June 18, 2016 by AJ Briones
I am currently reading this book about realigning ones perspective as to how it should be as a Christian. I am honestly overjoyed that what the Word of God revealed to my understanding is confirmed and now in the face of criticism I am able to breathe with more ease.
Persecution has been there from the very start. I don’t know if this is correct, from the time of Adam, Eve, Cain and Abel — persecution has been existing. This reality transformed Christians to adopt or cope. Sadly, many of us search the Word not to do any apologetics, nor to have a deeper fondness of Christ’s love; but to know how to retaliate and protect oneself. This is what I call a self-centered faith.
No one is immune to this self-centered faith. We are all prone to this and probably; at a time we have been splurging ouselves with this subtly growing defense mechanism.
In the other hand, when faced with undesirable omens of challenges to faith we are faced with no more option to equip ourselves with. What do I mean by this? We can’t retailiate (Luke 6:27-31). When we defend our faith we end up being tagged as self-righteous. Doing what’s right isn’t really the easiest option on the table.
Using the Word as a means to share Christ and defend the truth of Christ (apologetics) has now been downsized to defending ones personal motives and actions. What do I mean by this statement? It’s different when we say “This is what God says we do.” and the statement “This is what I know God is telling me to do.” The two sound awfully the same but when scratch thru the surface and move away the covers we see the difference.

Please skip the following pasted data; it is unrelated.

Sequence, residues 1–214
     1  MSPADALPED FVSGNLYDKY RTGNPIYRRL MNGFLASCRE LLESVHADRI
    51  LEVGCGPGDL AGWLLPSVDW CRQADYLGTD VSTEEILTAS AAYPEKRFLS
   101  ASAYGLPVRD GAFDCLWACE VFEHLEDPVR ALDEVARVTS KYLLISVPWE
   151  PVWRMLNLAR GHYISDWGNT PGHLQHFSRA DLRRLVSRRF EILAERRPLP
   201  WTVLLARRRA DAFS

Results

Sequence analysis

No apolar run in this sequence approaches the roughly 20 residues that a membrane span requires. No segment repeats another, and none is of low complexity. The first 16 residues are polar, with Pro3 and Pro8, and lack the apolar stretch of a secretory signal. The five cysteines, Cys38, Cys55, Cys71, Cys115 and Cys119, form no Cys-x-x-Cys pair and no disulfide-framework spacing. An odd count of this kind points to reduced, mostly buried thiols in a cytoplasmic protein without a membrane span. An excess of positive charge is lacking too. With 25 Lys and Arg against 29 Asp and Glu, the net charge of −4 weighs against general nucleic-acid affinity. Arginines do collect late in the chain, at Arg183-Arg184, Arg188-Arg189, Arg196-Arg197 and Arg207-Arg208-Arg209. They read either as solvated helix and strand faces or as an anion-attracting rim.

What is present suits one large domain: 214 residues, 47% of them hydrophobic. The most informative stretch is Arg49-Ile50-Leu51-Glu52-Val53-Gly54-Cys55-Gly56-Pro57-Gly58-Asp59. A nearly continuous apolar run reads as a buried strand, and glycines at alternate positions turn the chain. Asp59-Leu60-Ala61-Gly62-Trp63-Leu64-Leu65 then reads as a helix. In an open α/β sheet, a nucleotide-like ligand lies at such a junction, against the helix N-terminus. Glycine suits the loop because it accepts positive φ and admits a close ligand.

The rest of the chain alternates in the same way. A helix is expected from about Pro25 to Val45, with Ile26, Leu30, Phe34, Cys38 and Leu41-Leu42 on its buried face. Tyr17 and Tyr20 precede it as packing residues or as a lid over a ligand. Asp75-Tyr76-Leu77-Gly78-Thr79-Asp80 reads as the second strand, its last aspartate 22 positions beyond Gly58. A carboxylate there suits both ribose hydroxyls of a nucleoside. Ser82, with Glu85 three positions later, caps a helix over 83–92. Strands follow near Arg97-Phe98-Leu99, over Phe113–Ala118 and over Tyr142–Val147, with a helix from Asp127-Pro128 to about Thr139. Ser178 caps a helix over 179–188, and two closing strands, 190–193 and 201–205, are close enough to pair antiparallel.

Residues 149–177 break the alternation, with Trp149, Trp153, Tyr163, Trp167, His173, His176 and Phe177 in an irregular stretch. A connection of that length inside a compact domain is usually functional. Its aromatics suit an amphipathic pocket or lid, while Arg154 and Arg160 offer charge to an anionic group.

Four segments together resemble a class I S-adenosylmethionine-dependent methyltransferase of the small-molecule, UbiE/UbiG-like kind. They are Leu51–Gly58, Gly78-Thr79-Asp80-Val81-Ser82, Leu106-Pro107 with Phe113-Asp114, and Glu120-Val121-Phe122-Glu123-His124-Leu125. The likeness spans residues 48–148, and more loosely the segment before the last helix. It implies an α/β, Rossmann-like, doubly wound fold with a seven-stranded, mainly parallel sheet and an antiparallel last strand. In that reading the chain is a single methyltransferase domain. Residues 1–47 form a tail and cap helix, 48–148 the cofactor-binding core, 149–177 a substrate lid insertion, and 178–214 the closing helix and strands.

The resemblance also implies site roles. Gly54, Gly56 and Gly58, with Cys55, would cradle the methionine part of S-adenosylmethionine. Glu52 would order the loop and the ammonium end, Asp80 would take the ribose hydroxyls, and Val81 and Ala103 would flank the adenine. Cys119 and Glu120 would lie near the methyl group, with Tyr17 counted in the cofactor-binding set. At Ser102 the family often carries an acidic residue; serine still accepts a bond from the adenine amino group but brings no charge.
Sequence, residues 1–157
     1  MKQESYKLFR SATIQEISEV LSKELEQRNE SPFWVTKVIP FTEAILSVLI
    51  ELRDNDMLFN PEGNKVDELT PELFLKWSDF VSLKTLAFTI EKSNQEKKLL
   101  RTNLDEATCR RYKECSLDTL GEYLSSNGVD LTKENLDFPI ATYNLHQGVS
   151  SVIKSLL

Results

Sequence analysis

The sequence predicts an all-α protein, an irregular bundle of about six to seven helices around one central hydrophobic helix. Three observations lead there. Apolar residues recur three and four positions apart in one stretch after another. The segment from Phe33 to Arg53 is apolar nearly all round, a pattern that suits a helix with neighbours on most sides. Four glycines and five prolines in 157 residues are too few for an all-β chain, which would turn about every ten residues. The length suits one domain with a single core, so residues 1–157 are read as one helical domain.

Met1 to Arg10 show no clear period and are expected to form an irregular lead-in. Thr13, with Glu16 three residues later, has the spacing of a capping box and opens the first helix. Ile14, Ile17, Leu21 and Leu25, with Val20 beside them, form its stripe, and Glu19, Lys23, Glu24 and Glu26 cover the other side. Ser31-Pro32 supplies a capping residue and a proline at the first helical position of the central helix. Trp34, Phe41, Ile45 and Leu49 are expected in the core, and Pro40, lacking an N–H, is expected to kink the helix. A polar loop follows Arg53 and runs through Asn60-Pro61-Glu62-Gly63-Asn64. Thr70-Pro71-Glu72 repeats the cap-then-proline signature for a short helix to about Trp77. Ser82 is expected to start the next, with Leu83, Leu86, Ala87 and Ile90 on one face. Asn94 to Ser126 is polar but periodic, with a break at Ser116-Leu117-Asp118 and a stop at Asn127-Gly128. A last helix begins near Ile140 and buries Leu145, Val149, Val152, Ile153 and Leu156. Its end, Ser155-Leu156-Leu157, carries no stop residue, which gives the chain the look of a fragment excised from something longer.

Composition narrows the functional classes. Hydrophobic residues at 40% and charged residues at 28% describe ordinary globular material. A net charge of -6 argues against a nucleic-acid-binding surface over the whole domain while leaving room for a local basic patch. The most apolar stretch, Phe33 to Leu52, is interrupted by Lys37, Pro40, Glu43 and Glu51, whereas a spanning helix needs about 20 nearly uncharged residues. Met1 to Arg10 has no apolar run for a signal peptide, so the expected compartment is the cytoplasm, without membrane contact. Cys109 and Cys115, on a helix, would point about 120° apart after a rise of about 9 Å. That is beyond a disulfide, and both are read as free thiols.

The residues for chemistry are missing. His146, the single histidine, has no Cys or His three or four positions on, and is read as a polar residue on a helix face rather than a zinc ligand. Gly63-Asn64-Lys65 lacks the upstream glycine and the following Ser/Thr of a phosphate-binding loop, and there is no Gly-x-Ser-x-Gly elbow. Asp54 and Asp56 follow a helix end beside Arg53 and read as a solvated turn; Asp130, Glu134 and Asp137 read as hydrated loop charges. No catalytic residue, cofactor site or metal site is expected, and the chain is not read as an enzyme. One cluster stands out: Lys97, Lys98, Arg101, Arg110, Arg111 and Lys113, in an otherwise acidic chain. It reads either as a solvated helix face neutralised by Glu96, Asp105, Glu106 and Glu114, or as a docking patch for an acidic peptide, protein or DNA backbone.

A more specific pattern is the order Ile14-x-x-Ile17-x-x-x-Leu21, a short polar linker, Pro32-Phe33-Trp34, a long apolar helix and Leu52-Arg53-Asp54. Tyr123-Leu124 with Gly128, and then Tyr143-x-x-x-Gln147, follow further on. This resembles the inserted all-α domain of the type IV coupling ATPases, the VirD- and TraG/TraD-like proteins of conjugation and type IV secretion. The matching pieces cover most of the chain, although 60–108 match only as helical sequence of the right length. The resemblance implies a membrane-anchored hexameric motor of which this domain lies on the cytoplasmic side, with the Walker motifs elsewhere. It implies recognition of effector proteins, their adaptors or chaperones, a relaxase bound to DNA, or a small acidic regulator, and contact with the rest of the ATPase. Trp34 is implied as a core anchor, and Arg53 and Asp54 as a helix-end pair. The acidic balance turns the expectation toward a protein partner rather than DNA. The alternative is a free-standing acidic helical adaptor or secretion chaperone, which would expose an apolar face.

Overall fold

When we say “This is what God says we do.” denotes a foundational source while the latter tells otherwise. “This is what I know…” talks about ones involvement in the measure of what to follow or do; limited by what we know. In other words inabsolute. That’s the dilemma since God’s Word is absolute and we must not contaminate it with feelings or any humanistic inclination. I am not saying that everything humanistic is wrong — critical thinking and evidence over the acceptance of dogma superstition isn’t really bent. We maintain that balance of dogma and thought. God clings to us intellectually as well; as some former atheists who turned to Christ experienced. Before I move away from the topic, living, acting and speaking must be founded on God’s Word and not by what we think it means (1 Timothy 4:12).
Bottomline: Read God’s. Know God’s Word. Study the Word. Live it more than simply saying it.
The Word isn’t designed to justify man’s action, rather to show what man’s action must be in response to the greatness, power of and love of God.